Photos from the first day of the DCPA Theatre Company’s 13th annual Colorado New Play Summit, which features readings of new works by Sigrid Gilmer, David Jacobi, Kemp Powers and Barbara Seyda. To see more, click on the image above to be taken to our full gallery of downloadable photos. Photos by John Moore for the DCPA NewsCenter.
DCPA’s 13th annual Colorado New Play Summit is underway as dozens of artists begin work on four new plays
By John Moore
Senior Arts Journalist
Preparations for the DCPA Theatre Company’s 13th annual Colorado New Play Summit officially got underway today with the first gathering of dozens of professional actors, playwrights, directors and other creative artists who will help to develop four promising new plays over the next two weeks.
They will take on developing works that address systemic racism and hypocrisy in the criminal-justice system, that revisit the Challenger space disaster and an 1855 slave trial. One — no joke — explores the intersection of Eugene O’Neill, Tennessee Williams and the heavy-metal band Metallica.
“We’re in this rocky time in this country, in our lives and in our history,” Associate Artistic Director Nataki Garrett (pictured right) said at the welcome gathering. “As a nation, we are trying to figure who we are and who we are going to be — and in these moments, I feel like it is so important to listen to playwrights.”
The Colorado New Play Summit, which has one public weekend of readings Feb. 17-18, followed by a second weekend attended mostly industry professionals Feb. 23-25, is the DCPA’s signature festival dedicated to supporting playwrights and developing new work for the American theatre. Garrett made a point of thanking former DCPA Theatre Company Artistic Director Kent Thompson for founding the celebration of playwrights back in 2006. The Summit comes at a time when Denver Center-born new plays are proliferating on national stages like never before. And just yesterday, it was announced that Matthew Lopez’s The Legend of Georgia McBride, which was born at the 2013 Colorado New Play Summit, will be made into a film starring Jim Parsons.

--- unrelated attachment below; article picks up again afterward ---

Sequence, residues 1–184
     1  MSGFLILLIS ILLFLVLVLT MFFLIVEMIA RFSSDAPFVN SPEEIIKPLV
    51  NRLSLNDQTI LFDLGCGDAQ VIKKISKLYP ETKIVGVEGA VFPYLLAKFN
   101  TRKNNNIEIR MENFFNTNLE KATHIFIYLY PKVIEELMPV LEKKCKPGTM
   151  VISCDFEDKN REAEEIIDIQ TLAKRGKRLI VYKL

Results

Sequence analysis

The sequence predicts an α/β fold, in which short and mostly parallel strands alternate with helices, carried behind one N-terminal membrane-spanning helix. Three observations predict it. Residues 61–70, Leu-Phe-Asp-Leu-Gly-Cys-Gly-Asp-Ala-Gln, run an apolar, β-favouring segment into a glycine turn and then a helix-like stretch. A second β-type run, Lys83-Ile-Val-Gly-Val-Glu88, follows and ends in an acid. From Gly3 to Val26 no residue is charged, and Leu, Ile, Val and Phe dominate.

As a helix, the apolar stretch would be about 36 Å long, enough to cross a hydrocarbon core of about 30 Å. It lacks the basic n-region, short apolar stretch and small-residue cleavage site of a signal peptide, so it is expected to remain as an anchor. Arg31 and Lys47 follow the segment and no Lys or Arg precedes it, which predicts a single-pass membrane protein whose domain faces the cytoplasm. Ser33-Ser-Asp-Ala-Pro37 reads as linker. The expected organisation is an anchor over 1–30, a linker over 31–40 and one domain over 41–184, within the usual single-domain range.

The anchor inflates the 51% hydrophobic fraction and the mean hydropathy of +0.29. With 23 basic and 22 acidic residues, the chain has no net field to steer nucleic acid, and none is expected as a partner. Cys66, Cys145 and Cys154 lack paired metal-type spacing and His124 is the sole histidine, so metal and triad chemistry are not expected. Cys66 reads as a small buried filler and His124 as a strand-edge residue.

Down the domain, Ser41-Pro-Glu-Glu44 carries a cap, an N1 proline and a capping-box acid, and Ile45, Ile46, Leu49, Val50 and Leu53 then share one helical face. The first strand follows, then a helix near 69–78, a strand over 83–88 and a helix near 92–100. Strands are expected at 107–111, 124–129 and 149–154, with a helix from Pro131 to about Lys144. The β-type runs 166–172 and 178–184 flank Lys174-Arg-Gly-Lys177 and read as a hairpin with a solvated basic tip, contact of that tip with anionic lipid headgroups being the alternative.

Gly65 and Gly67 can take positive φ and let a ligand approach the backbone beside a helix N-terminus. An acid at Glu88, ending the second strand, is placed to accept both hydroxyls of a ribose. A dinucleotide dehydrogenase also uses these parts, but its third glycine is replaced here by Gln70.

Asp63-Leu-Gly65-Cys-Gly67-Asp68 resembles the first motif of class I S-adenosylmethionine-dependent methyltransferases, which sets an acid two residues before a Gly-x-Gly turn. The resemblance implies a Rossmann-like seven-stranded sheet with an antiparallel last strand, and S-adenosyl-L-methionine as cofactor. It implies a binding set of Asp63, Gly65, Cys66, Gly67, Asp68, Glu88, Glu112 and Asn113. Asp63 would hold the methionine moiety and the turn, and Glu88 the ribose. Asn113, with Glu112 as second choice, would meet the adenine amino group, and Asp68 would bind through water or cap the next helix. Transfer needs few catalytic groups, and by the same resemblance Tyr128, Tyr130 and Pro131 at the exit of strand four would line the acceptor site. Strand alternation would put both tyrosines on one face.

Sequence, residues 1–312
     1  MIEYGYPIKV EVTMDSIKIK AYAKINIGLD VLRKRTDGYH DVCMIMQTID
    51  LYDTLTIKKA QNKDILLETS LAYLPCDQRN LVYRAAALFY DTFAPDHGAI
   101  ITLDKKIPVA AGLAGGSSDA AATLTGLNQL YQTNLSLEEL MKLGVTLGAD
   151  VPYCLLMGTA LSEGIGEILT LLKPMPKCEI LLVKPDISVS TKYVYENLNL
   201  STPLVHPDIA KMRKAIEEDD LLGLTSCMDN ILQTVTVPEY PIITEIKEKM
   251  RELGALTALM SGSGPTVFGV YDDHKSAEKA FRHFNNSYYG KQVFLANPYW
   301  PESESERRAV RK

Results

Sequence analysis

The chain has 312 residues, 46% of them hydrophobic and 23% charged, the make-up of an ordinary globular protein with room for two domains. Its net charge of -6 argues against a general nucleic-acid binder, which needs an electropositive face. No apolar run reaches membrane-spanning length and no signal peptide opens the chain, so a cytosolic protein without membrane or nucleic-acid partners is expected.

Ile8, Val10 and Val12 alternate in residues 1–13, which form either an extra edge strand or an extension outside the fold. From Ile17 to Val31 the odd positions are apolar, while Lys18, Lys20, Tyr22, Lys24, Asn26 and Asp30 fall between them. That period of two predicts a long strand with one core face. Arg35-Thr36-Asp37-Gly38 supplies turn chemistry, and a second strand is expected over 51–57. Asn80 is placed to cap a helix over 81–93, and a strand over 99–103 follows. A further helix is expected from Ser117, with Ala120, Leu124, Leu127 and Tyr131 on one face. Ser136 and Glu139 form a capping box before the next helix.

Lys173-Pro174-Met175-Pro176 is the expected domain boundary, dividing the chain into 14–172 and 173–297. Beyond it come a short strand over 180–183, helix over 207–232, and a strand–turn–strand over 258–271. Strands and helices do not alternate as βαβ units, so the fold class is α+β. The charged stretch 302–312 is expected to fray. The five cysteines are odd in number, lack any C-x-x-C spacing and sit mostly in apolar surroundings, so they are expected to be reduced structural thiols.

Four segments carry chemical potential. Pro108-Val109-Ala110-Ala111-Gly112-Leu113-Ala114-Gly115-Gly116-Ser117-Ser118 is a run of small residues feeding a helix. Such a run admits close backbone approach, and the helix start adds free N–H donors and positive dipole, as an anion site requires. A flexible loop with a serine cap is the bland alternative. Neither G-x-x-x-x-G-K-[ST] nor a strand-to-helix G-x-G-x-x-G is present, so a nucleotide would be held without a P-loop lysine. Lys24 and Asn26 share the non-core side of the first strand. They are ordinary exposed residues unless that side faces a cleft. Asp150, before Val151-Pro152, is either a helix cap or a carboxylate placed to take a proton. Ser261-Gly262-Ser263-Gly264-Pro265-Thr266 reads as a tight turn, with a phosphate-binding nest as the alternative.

The 2018 Summit will feature readings of new works by (clockwise from top left) David Jacobi, Kemp Powers, Barbara Seyda and Sigrid Gilmer, alongside world-premiere productions by José Cruz González, Matthew Lopez and Lauren Yee.
The playwrights, some commissioned by the Theatre Company, are given two weeks with professional directors, actors and dramaturgs to workshop their new plays.
“We get to hear from the mouth and the body and the heart and the soul of these vessels who bring forth their incredible ideas to remind us how much better we can be in the world,” Garrett said.
The pool of more than 35 actors is a mix of familiar names in the Colorado theatre community, returning Denver Center, visiting actors and several who currently performing in Theatre Company world premieres.
The roster includes Colorado Theatre Guild Lifetime Achievement winner Billie McBride, legendary film and stage director donnie l. betts; Denver Center veterans Steven Cole Hughes, Emily Van Fleet, Gareth Saxe, Erin Willis, Nick LaMedica and Aspen Rader; DPCA Teaching Artists Joelle Montoya, Quinn Marchman and Robert Lee Hardy; and nearly the entire cast of Curious Theatre’s current offering of Detroit ’67: Jada Dixon, Cajardo Lindsey and Anastasia Davidson. She and Alaina Beth Reel recently appeared in The Catamounts’ You on the Moors Now.
The Summit casts also include Linden Tailor from the DCPA Theatre Company’s The Great Leap; Natalie Camunas from American Mariachi; and Nija Okoro, Grayson DeJesus and Nick Ducassi from Zoey’s Perfect Wedding.